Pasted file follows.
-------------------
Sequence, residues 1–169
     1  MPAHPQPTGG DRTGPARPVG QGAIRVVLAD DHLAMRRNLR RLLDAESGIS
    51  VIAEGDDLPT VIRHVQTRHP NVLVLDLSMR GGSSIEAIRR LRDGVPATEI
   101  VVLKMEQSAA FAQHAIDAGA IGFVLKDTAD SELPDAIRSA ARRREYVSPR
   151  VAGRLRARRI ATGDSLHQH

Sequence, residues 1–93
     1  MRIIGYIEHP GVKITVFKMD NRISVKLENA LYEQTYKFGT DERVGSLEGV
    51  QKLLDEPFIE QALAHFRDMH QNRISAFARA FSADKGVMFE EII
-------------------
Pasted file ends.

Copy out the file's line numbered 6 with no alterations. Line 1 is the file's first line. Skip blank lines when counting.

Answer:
Sequence, residues 1–93